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buying food grade buckets

Discussion in 'Survival/Preparedness Forum' started by powder86, Aug 2, 2011.

  1. powder86

    powder86 SHOOT SAFE!

    I'm buying some food grade buckets. (I already have some, but am buying some more.) I'll be buying some all-purpose bleached flour, granulated sugar, and maybe some rice. Probably Western Family brand.
    First, will air tight food grade buckets be enough to store this stuff for a few years? Or will I need some Oxygen absorbers and moisture absorbers and stuff as well?
    Second, is that kind of flour good for storage? As in, will it keep long and well, or is there some form of flour I should be going for? Same question for rice too. Is there some kind of rice I should be pursuing?
    Does instant rice last as long as regular rice?

    We'll also be stocking up on some canned goods. (Tuna, chili, beans, fruits, veggies, apple sauce.)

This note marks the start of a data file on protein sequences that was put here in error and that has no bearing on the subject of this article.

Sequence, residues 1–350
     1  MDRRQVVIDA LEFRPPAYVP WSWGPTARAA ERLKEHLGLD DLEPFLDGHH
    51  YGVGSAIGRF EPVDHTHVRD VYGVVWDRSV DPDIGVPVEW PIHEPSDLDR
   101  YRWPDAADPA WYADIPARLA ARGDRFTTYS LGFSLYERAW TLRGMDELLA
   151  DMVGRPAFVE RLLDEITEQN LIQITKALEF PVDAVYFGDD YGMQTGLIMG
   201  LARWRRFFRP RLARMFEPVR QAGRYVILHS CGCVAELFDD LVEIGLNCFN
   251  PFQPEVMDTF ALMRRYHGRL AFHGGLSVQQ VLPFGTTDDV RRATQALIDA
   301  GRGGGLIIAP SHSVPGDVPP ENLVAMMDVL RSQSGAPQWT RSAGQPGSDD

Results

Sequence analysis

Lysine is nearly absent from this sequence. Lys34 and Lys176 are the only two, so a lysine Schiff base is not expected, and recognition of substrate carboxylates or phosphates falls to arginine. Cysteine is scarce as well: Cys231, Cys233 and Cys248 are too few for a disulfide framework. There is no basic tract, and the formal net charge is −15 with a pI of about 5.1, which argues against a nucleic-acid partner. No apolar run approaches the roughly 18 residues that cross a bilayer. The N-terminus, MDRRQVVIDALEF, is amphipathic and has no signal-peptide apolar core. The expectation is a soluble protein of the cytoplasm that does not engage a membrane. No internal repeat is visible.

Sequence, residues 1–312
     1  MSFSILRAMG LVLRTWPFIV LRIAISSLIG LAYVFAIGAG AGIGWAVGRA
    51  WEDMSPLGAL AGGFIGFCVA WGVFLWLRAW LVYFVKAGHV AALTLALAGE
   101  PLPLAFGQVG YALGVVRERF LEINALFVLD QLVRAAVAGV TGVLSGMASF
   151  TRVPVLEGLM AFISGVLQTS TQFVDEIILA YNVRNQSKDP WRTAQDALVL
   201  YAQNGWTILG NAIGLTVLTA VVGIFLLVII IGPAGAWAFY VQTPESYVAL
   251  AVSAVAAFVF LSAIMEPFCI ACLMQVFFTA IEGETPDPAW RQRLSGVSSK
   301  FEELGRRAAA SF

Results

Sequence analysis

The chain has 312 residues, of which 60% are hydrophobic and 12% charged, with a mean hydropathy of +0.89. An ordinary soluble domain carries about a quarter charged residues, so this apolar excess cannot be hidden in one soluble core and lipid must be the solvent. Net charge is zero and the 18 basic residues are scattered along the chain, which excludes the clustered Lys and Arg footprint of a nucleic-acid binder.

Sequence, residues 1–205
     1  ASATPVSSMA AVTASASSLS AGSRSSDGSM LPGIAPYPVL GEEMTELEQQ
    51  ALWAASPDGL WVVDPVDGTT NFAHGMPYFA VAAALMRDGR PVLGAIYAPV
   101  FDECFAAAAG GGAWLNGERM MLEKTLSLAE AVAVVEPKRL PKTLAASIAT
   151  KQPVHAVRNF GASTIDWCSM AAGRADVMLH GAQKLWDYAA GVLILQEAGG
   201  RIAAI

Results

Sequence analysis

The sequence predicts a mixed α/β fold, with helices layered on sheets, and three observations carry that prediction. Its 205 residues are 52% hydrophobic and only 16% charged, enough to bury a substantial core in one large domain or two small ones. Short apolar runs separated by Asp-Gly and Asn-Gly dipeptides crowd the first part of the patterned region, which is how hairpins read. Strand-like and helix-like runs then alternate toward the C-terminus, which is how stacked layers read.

Other recommendations for DRY goods I should store? I figure flour, rice, and sugar is a good start. Some salt would be good. And some dry beans. Anything else, or would the rice, flour, and sugar be okay for dry goods?
     
  2. kckndrgn

    kckndrgn

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    Feb 20, 2003
    Memphis
    Flour will not/may not store long, your better off storing the wheat berries and getting a quality mill to make your own flour.
    Rice, most recommend white rice, but I'm eating 3 year old brown rice with no problems, YMMV. Brown rice generally has a shorter shelf life due to more oils in the rice, white rice is "stripped down" brown rice.
    Keep some dry beans on hand, rice & beans make a complete/nearly complete protein (depending on who you ask).